What Is This Artist Movie That’s Winning All the Awards?

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The Weinstein Company

Jean Dujardin and Missi Pyle in The Artist

If you’ve paid even passing attention to end of the year lists/Academy Award prognostications, you’ve heard much about The Artist. It won a Best Picture prize at the Golden Globes and is guaranteed to be one of the 5-10 Oscar best picture nominees.

Chances are, though, that you probably haven’t been able to see it.

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The film, which has earned a mere $9.2 million domestically, has only opened in 216 U.S. theaters. That’s way less than the blockbuster Mission: Impossible—Ghost Protocol, which as of this past weekend had the nation’s highest screen count (3,346), the indie films The Iron Lady (802 screens) and Tinker Tailor Soldier Spy (886 screens), and even the 10- and 11-week running Tower Heist (260 screens) and Jack and Jill (298 screens).

As is often the case with end of the year prestige films, they roll out slowly — opening in Los Angeles and New York, after which they either a) creep into more and more screens or b) disappear for a month, having fulfilled the one-week run that allow them to qualify for the Oscars. (This weekend, for example, Coriolanus, which might nab Vanessa Redgrave a Best Supporting Actress nod, will open nationwide following a NY/LA run that began Dec. 2, as will the Michael Fassbender sex-addict film Shame.)

The Artist has done the same, opening Thanksgiving weekend on 4 screens, then expanding to 16, 17, 167 (on Christmas weekend), 172, and its current 216. On Jan. 20, it will expand to about 500 screens. Which means you’ll finally be able to catch it.

So what do you need to know before seeing the movie:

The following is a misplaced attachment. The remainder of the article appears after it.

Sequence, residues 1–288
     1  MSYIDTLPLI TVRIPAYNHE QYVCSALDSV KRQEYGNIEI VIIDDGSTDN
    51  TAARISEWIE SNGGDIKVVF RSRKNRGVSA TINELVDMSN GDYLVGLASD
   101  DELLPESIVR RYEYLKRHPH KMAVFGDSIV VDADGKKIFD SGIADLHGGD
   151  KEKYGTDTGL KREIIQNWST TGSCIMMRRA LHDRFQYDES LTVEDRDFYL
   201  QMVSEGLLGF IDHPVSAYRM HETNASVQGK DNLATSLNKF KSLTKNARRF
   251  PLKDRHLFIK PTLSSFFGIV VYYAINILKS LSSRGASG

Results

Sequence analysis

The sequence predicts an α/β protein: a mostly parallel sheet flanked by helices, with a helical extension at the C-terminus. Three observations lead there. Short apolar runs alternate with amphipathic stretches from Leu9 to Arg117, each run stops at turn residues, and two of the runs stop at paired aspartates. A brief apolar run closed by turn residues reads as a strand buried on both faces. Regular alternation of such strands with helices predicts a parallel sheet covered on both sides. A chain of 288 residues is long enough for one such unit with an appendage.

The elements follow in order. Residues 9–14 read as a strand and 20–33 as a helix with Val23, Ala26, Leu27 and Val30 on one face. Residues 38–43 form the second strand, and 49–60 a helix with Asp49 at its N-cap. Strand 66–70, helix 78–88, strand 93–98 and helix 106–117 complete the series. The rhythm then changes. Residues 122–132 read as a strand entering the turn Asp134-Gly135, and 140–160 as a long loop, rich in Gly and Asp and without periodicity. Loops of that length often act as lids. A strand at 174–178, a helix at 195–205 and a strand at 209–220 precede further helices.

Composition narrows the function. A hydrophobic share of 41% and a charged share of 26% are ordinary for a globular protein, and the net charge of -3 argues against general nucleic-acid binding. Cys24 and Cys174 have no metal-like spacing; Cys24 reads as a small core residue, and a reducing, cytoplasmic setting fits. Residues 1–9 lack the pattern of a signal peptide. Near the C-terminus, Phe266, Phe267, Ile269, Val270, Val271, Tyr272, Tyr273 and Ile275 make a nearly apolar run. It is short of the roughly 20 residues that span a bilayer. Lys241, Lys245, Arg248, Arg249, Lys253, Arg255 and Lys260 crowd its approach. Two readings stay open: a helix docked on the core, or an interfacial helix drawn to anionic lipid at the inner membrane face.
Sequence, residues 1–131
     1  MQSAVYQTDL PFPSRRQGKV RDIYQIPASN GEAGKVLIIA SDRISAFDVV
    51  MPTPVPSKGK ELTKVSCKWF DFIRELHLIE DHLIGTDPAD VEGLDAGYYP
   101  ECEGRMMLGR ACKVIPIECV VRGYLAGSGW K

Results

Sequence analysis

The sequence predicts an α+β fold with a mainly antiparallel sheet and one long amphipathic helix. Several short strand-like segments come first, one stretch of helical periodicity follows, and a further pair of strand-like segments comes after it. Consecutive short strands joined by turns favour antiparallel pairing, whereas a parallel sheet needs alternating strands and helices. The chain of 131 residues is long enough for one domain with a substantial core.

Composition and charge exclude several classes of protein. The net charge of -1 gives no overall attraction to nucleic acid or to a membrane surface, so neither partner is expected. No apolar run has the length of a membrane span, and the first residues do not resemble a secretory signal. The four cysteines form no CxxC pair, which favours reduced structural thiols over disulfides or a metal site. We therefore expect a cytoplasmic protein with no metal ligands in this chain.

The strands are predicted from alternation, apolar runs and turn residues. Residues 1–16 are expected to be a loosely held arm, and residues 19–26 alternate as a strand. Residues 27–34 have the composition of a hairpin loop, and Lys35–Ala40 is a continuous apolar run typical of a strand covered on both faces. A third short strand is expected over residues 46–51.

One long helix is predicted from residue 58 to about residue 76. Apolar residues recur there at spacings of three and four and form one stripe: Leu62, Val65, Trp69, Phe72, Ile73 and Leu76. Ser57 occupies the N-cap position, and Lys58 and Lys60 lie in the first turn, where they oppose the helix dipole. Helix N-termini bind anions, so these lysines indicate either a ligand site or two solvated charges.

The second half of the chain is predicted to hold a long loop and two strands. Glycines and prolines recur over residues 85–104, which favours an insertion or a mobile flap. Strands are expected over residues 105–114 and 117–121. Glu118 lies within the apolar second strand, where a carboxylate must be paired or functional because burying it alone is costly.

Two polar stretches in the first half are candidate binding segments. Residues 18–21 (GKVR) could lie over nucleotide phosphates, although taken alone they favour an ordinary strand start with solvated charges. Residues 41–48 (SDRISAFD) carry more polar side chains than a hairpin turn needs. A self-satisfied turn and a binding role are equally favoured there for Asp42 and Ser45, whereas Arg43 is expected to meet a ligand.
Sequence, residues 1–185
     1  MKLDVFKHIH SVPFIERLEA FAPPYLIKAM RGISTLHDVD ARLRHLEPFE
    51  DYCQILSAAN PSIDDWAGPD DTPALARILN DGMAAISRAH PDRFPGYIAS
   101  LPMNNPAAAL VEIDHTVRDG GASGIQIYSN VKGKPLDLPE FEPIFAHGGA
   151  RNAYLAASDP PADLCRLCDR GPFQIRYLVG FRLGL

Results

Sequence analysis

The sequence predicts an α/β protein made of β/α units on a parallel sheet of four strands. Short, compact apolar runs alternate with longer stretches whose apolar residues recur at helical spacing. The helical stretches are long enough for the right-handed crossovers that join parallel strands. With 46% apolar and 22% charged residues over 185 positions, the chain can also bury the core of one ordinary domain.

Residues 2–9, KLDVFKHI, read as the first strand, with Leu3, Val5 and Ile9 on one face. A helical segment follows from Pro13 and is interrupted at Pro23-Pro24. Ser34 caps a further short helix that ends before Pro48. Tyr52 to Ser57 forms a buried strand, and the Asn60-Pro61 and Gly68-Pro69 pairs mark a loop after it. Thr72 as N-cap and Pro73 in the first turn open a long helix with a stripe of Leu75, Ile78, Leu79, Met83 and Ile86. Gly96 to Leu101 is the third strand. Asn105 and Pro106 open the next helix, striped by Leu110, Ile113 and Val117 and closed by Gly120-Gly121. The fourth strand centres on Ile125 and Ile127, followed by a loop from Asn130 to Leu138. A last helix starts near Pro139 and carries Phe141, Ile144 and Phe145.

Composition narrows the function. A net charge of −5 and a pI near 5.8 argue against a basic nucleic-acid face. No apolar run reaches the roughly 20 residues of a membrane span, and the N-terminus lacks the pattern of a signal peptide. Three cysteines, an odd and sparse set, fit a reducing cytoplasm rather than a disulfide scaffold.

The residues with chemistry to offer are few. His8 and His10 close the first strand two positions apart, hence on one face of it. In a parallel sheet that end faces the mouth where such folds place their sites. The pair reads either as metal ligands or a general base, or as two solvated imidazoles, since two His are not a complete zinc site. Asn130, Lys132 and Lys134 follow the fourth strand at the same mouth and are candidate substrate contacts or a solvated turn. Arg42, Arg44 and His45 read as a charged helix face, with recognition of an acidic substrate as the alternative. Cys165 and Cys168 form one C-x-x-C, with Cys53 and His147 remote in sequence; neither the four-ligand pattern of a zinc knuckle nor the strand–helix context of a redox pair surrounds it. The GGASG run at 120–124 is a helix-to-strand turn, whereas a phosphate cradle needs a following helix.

• It’s silent. Duh! Everyone knows that, you say. Well, everyone does not know that. As reported by The Telegraph, “a small number of refunds” were offered to unaware Brits. For those of you who have never seen a silent movie, this means that the people don’t talk and there are no sound effects (save for one or two scenes). When people “talk,” the dialogue is presented in intertitles. The film does have a musical score, which we’ll mention later.
  • Like silent films from the early 20th century, the film is shot in a 4:3 aspect ratio, which means that the screen assumes the boxy outline of an old television set, as opposed to the widescreen picture seen in today’s theaters.
  • It’s in black and white. Though that’s sort of fudged. As we write in our review of the film, it was “shot by cinematographer Guillaume Schiffman in color and then monochromed in the lab.”
  • It co-stars an awesome dog named Uggie.
  • The Gallic team behind the film—director Michel Hazanavicius, Schiffman, composer Ludovic Bource and human stars Jean Dujardin and Berenice Bejo—have previously worked together on a pair of French spy spoofs. Bejo is Hazanavicius’ wife.
  • The film was shot in Los Angeles at a series of locations with Hollywood resonance: the Orpheum and Los Angeles theaters, the Bradbury Building (famous from several noir thrillers, Chinatown and as the gloomy setting for the end of Blade Runner), and even the former home of early film star Mary Pickford.
  • The film’s soundtrack is an expert pastiche of silent cinema film scores, save for one section in which a huge chunk of Bernard Herrmann’s Vertigo love theme is used to telegraph emotion during the film’s climactic scene. It’s one of the cinema’s most memorable piece of film music, so it sticks out in a fairly obvious way. Kim Novak, who starred alongside Jimmy Stewart in the 1958 Alfred Hitchcock film, was not very happy.

So go forth and watch this black and white silent film. Don’t be afraid. You’re not going to fall asleep, trust us.

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